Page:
The weekend announcement that the talks between Georgia, Florida and Alabama over an 18-year impasse on water issues have broken down gives little indication as to what is next in the battle between the states.
The negotiators for the three states and the federal government, as well as representatives of Georgia Power Co. and Alabama Power Co., signed confidentiality agreements keeping them from divulging information from the talks.
However, a source has told The Times that the primary issue continues to be storage capacity in Lake Lanier and the amount of water sent downstream from Lanier.
A statement from Alabama Gov. Bob Riley, also indicated the center of the dispute.
"(Georgia) Gov. (Sonny) Perdue’s recent comment that Georgia’s water needs are more critical than those of Alabama and Florida underscores the difficulty in reaching an agreement," Riley said. "Until Georgia accepts that the water needs of its people are no more important than the water needs of people in Alabama and Florida, we will never be able to conclude an agreement. The notion that Alabama and Florida should pay for Atlanta’s ever-increasing water needs is not something that Alabama will ever accept."
Georgia was dealt a setback in January, when the U.S. Court of Appeals in Washington overturned an agreement between Georgia and the U.S. Army Corps of Engineers for water rights to Lake Lanier.
The contract included 20,675 acre-feet of water storage for the city of Gainesville, among others.
Alabama and Florida challenged the pact, arguing that Georgia doesn’t have any legal right to the federal reservoir, which was initially built for hydropower.
At present two things are happening. First, the U.S. Army Corps of Engineers and the U.S. Fish and Wildlife Service will begin work on an interim operating agreement for the Apalachicola-Chattahoochee-Flint river system. The governors and federal officials reached terms for an interim agreement following a November meeting in Washington. That agreement, which reduced water flow into the Apalachicola River, will expire June 1.
Also pending before the corps is a request from Georgia to reduce the flow of water out of Lake Lanier.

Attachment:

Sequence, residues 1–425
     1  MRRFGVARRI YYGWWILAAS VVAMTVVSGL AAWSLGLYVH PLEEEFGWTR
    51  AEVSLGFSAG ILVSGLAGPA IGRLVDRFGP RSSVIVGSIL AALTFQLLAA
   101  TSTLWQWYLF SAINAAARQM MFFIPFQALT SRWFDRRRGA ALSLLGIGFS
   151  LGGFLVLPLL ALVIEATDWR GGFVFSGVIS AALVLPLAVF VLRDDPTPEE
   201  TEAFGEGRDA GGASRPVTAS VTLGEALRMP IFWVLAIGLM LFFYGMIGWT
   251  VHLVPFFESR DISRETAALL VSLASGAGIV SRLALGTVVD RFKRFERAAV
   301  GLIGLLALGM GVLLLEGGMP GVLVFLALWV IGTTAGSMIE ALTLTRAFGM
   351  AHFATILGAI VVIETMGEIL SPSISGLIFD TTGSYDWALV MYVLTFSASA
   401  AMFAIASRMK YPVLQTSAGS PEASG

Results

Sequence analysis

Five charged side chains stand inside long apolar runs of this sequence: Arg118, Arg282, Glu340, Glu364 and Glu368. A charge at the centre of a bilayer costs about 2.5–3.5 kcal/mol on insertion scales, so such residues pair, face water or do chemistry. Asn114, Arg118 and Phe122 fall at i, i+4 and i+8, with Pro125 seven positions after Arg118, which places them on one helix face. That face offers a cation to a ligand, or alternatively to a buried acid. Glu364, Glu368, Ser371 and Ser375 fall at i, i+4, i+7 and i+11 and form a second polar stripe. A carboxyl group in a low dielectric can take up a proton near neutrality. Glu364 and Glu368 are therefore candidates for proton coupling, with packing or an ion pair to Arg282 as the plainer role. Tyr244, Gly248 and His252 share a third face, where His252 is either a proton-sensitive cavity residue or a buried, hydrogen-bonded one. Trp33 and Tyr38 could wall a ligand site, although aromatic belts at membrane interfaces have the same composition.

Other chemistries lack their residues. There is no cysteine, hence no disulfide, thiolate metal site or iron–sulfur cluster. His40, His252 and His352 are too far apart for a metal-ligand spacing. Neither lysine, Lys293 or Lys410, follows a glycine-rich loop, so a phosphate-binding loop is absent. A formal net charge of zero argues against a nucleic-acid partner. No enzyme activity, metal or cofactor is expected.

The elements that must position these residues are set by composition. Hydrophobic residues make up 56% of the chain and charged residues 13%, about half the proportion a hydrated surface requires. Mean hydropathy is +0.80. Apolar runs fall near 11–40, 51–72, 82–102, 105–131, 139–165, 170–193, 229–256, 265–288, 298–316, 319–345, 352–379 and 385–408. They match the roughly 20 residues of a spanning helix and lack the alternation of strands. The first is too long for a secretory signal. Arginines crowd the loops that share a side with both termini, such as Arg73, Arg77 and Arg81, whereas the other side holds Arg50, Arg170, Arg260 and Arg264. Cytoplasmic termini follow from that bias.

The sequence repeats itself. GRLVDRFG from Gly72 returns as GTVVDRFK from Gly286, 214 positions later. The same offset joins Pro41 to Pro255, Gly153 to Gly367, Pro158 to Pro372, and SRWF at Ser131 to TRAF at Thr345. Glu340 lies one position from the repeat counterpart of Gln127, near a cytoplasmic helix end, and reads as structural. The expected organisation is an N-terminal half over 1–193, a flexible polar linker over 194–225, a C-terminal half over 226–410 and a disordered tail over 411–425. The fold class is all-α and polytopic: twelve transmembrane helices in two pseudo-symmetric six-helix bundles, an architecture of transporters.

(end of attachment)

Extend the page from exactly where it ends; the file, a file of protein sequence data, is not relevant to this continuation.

Carol Couch, director of the Georgia Environmental Protection Division, asked the corps to reduce the discharge from 750 to 550 cubic feet per second through the end of April. Her Feb. 11 letter cites the near full condition of West Point Lake and Lake Walter F. George as a part of the rationale for making the change. The two lakes are on the lower Chattahoochee, south of Atlanta.
The comment period on that request ended last week.
At the same time, the dispute between the states will likely return to federal court. There are eight lawsuits in four federal courts regarding water issues between Georgia, Florida and Alabama.
On Monday, a spokeswoman for Florida said officials are disappointed, but will continue to defend the state’s position.
"We appreciate everyone’s hard work over the past two months (the federal agencies, technical working staff, representatives of the governors’ offices) and were disappointed that the parties could not reach an agreement on the management of the Apalachicola-Chattahoochee-Flint River system," Sarah Williams said in a statement.
Riley didn’t close the door on further talks, but said his state is ready for court.
"While Alabama always stands ready to resume negotiations, we also are anxious to have our day in court," he said.
A federal judge from Minnesota, Paul Magnuson, has been appointed to hear the consolidated case in U.S. District Court in Jacksonville, Fla.
Magnuson met with the parties, which include a number of other litigants, in November, about the same time the states agreed to resume mediated negotiations. Any further hearings before Magnuson were postponed due to the talks. But that situation likely will change as Florida and Alabama have indicated their plans to rekindle the fight in court.